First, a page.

Our collections include specimens from important fossil collecting localities mainly in the British Isles. We also have local fossils, from places like Walton-on-the-Naze, and some Ice Age mammal remains from the gravels around Chelmsford. There is also a small collection of rocks and minerals.

Examples from our collections can be seen at the museum in our Modern Collectors case while some others are in our display looking at the Ice Age.

If you have a specimen that you would help identifying, we have a special Essex Geology Reference Collection cabinet kindly supplied by the Essex Rock and Mineral Society that is available on request.

Left-handed whelk

Neptunea angulata (formerly N. contraria)

Characteristic fossil found in the Red Crag deposits at Walton-on-the-Naze. Curiously it has a reverse spiral which twists to the left contrary to modern whelks and other fossil snails. Its thick shell makes it a robust fossil even though it is only 2.3million years old and not completely fossilised. Its red colour comes from the concentration of iron in the shallow water Red Crag deposits.


Flint sea urchin

Echinocorys scutata

Sea urchins lived in the Chalk sea bed some 100 million years ago. They made burrows as they fed on particles trapped in the chalk mud.

This one was preserved by being filled with flint that was deposited from silica in the sea water in the burrows around decaying organisms. After the chalk was uplifted and eroded, the tough flint was released.

This fossil would have been brought to Essex along with countless other flint pebbles in the icy flood waters of the ancestral Thames that once flowed across Chelmsford half a million years ago.


Giant shark tooth

Carcharocles megalodon

Tooth from what is thought to have been the largest shark that has ever lived. It is a prize find from Walton-on-the-Naze from Miocene times 7 to 10 million years ago, from the junction bed between the London Clay and the Red Crag deposits.

Megalodon sharks are thought to have been up to 16 metres long with jaws two metres wide. They preyed on small whales and other marine creatures that lived at the time.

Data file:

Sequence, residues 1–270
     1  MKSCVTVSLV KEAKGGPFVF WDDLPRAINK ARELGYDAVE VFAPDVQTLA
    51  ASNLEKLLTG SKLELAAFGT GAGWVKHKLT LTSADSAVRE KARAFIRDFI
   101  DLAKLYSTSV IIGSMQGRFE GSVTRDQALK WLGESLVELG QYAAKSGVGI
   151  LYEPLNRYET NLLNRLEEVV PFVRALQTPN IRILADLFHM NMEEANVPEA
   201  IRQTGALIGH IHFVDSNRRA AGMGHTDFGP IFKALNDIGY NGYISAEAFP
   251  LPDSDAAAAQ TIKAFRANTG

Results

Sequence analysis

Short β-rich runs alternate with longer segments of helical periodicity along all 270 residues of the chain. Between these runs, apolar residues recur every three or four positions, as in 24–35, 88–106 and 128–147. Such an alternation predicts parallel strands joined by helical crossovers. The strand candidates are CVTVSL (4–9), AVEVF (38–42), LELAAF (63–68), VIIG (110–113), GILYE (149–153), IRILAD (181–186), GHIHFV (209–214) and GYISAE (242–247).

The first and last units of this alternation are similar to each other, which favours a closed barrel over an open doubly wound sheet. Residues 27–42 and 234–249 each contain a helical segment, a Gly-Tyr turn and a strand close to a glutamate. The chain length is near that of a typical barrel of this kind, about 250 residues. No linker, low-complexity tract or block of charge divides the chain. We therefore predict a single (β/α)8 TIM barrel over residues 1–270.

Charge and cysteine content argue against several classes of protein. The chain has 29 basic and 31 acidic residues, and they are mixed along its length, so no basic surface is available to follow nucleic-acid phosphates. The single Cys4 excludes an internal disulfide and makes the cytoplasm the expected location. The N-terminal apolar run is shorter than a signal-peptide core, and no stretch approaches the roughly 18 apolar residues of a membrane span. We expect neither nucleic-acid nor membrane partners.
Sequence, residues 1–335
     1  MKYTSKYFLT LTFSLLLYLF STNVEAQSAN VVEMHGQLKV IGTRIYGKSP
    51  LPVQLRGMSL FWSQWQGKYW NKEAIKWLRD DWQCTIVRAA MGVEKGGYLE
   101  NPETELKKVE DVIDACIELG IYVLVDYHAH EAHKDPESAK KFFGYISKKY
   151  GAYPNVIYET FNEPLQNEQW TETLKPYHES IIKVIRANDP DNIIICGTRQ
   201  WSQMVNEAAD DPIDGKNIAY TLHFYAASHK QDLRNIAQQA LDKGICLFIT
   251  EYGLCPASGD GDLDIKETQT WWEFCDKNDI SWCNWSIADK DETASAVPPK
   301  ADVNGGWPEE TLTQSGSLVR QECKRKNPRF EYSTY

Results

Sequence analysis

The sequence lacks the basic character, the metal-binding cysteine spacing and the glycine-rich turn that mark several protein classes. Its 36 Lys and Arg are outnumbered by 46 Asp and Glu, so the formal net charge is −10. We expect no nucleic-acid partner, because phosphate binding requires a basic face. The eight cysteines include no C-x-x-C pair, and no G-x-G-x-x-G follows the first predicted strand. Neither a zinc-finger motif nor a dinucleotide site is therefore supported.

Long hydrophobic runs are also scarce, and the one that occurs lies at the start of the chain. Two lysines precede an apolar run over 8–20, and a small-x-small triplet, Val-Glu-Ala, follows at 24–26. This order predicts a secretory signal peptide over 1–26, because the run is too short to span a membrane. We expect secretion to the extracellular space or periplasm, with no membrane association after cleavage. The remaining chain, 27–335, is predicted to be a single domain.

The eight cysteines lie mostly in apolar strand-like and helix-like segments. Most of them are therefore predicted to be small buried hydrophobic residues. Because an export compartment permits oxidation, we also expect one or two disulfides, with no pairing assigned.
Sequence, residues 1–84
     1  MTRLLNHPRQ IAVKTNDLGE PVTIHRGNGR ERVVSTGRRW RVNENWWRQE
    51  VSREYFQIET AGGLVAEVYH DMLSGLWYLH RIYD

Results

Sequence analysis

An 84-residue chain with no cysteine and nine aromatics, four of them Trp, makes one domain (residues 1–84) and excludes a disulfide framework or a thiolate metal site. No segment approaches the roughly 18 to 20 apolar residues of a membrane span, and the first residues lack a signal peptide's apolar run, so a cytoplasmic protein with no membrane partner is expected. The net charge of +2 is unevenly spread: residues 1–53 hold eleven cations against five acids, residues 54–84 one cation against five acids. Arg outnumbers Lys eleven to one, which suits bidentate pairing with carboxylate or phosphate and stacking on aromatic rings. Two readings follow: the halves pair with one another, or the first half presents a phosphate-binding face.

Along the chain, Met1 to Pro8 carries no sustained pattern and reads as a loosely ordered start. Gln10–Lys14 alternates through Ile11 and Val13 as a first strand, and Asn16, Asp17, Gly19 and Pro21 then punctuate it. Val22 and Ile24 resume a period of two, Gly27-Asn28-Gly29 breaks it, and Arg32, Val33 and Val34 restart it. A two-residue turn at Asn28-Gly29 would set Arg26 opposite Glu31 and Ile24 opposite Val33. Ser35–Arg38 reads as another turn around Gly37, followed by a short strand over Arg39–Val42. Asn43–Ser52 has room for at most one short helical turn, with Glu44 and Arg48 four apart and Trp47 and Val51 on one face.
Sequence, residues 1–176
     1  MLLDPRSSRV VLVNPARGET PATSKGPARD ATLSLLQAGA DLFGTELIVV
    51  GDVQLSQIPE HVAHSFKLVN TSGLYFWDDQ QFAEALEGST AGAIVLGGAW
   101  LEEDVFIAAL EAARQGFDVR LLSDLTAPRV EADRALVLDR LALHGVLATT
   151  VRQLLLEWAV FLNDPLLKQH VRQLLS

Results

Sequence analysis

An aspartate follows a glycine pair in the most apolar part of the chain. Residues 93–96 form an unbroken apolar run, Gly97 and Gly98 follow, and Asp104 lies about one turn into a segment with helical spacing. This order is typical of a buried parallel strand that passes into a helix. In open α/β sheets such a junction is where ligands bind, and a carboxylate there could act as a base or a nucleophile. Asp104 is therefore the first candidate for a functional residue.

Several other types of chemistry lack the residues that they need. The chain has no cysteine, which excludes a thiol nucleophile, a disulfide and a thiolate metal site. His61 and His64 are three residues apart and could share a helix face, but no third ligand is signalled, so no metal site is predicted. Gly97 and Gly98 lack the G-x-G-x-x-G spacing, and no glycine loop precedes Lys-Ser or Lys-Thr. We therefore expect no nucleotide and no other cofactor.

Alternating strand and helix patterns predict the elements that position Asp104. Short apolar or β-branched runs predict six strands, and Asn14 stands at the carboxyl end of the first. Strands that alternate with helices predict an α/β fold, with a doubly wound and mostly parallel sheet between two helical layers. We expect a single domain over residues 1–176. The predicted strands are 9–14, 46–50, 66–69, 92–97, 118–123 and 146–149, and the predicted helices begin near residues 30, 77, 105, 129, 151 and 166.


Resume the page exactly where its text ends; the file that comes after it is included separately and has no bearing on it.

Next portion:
Shark Tooth

Whale vertebra

Balaena affinis

Whales frequented the Miocene Sea 7 to 10 million years ago. Fragments of whale rib bone, coated in phosphate that makes them shiny, often occur in the junction bed between the London Clay and the Red Crag deposits at Walton-on-the-Naze.

A vertebra, part of the backbone, is a rarer find along with a tympanum (ear bone) that is on display in the Museum. Small whales were part of the diet of megalodon sharks.

Whale Vertebrae

Mastodon tooth

Mammut sp.

Mastodons were large elephant-like, tusk-bearing mammals that lived during the Pliocene and Pleistocene periods up to around 11,000 years ago.

Mastodons were around 2½ metres tall and lived in herds in forests where their diet consisted mainly of tree leaves and woody branches of trees and shrubs, together with mosses.

This specimen was found at Sandon in sand and gravel deposits from the edge of the ice sheet around 450,000 years ago. The dome shaped projections on the crowns of their molars are different to the flat grinding surfaces of mammoth teeth.

Mastadon Tooth


Dactylioceras commune

Ammonites were squid-like creatures that lived in a coiled shell, dying out at the end of the Cretaceous period 66 million years ago.

Ammonites are typical fossils of the Jurassic period. However, no rocks of Jurassic age occur at the surface or beneath Essex. This specimen, found locally, would have originated in the Whitby area of Yorkshire and been brought by the Anglian ice sheet that came from the north and covered most of Essex 450,000 years ago.